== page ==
China disrupted the global aluminum market when it became the world’s biggest producer of the metal, creating a surplus that forced competitors to shutter as profits plummeted.
Now, China wants to expand its reach and make higher-value products with aluminum and took a big step toward doing so last week with the acquisition of Cleveland-based Aleris Corp.
According to a report from Bloomberg, Chinese aluminum entrepreneur Liu Zhongtian acquired Aleris for $2.3 billion and gives him greater access to technology primarily enjoyed by the Western world, in addition to buyers that include aerospace manufacturer Boeing Co. and automakers like Audi.
“This was a different kind of move by a Chinese company,” Yi Zhu, analyst at Bloomberg Intelligence, told the news source. “Previously, China went after raw-material assets abroad, but this is about going to the downstream, and it fits with the Chinese government’s goals to upgrade manufacturing and the economy.”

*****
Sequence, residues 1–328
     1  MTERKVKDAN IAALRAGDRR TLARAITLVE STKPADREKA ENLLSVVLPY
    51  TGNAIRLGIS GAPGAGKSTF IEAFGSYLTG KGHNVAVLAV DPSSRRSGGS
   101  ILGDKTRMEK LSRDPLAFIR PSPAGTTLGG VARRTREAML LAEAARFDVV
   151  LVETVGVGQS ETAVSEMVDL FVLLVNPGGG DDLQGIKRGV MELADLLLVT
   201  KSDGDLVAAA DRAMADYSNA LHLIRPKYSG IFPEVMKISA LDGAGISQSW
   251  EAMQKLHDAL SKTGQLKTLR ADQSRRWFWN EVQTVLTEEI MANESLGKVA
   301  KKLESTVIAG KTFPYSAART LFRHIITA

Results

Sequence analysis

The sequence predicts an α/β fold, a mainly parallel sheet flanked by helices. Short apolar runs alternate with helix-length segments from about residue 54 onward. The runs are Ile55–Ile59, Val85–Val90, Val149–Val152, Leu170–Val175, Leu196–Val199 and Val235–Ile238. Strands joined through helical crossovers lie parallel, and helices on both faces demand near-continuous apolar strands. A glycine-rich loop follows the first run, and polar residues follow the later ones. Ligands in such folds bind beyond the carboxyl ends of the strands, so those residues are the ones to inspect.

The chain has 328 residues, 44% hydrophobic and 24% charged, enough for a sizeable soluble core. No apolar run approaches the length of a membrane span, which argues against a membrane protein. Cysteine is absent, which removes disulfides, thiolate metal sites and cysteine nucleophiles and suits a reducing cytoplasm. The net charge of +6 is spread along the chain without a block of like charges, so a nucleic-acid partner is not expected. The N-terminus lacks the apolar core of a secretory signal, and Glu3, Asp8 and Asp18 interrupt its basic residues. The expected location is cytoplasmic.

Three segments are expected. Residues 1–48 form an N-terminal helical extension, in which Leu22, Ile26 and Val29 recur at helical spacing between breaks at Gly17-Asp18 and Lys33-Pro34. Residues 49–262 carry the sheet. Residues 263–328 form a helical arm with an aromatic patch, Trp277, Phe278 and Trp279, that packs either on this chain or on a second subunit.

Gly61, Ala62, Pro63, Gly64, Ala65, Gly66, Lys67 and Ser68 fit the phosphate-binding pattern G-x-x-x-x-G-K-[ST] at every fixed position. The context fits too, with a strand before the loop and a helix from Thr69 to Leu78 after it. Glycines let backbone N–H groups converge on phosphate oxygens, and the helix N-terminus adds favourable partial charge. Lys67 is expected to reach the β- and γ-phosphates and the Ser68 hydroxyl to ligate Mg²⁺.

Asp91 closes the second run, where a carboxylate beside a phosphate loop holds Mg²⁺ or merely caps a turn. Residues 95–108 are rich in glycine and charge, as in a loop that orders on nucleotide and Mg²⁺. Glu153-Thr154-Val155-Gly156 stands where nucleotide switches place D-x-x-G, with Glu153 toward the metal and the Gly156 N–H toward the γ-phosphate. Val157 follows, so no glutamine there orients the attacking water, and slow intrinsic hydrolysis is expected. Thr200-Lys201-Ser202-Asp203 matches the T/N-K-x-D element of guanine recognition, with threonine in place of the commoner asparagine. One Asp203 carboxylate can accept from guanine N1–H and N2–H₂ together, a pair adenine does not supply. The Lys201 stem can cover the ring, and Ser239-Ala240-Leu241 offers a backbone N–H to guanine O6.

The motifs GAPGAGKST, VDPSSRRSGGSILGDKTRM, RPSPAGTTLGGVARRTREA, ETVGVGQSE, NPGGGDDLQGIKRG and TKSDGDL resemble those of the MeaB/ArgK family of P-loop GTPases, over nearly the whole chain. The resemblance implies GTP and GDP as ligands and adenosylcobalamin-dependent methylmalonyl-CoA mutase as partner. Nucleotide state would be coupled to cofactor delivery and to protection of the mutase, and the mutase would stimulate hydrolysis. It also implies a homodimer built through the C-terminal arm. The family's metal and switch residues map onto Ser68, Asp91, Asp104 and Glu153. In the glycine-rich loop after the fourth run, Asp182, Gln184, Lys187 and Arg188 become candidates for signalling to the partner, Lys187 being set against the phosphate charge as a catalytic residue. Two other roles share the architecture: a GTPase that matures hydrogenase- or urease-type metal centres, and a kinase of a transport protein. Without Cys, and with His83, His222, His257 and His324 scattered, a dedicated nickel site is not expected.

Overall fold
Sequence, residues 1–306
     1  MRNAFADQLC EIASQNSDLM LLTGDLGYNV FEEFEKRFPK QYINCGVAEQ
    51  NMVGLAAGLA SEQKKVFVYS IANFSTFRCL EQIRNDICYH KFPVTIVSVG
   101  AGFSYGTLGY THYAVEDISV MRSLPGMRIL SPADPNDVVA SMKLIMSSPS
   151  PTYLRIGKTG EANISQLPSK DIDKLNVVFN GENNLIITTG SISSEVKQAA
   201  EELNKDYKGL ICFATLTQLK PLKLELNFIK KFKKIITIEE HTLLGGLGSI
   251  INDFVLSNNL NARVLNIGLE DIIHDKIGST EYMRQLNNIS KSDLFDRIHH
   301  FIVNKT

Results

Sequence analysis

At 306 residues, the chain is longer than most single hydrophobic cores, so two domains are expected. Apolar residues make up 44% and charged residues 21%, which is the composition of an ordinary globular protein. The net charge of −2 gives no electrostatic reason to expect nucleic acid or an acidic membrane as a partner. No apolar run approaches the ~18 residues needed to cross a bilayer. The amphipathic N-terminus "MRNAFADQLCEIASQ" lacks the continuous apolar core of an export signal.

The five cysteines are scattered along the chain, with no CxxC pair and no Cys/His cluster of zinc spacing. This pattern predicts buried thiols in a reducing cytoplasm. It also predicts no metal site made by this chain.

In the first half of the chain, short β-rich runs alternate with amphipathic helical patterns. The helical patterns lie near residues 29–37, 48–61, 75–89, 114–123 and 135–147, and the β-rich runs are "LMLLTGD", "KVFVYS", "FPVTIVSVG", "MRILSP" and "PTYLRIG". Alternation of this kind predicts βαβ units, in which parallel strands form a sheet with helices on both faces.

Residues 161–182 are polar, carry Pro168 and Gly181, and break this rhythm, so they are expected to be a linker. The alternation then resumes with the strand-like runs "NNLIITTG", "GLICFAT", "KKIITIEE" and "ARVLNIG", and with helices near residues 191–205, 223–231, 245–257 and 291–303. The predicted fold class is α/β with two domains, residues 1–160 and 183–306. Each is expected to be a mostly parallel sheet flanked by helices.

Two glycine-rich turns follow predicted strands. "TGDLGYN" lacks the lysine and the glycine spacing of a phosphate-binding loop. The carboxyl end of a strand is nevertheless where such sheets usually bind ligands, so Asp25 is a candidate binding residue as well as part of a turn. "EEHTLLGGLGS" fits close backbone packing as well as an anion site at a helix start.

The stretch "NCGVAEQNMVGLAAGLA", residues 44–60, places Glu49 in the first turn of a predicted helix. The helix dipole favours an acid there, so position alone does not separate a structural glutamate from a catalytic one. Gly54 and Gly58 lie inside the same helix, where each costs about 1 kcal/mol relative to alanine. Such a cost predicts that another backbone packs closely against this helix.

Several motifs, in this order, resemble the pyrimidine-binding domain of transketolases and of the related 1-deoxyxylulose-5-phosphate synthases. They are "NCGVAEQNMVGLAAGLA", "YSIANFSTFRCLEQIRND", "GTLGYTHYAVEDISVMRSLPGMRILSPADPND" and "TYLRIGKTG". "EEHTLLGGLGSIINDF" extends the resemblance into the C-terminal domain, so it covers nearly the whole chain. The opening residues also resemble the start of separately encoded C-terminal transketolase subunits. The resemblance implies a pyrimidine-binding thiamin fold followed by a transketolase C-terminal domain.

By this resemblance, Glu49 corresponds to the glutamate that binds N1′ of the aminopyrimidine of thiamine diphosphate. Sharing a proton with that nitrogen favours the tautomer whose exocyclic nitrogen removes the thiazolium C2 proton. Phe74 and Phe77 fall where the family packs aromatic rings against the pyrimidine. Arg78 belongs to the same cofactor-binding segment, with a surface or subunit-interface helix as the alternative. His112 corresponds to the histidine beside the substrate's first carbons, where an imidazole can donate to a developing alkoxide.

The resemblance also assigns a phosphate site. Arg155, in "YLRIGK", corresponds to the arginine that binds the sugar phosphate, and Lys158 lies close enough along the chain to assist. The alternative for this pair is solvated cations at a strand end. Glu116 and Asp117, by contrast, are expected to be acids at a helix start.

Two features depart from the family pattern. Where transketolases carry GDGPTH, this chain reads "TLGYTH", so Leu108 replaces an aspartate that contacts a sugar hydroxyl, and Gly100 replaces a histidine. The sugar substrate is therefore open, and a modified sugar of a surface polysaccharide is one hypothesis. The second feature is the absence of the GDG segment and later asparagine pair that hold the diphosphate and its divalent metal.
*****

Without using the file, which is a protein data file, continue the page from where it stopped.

China emerging as the world’s biggest producer of aluminum also spelled doom for Alcoa Inc., a longtime domestic producer for more than 100 years, which closed smelters in the United States.
Zhongtian Embroiled in U.S. Anti-Dumping Cases
Our own Jeff Yoders wrote on this acquisition last week and noted Zhongtian’s issues with the United States. “The cases against Zhongwang allege that the firm has been selling aluminum extrusions at below cost and that the Chinese entity receives state aid in the form of financing and other benefits giving it an unfair advantage. If Liu had a U.S. company, though, he could produce extrusions here and avoid the entire mess,” Yoders wrote.
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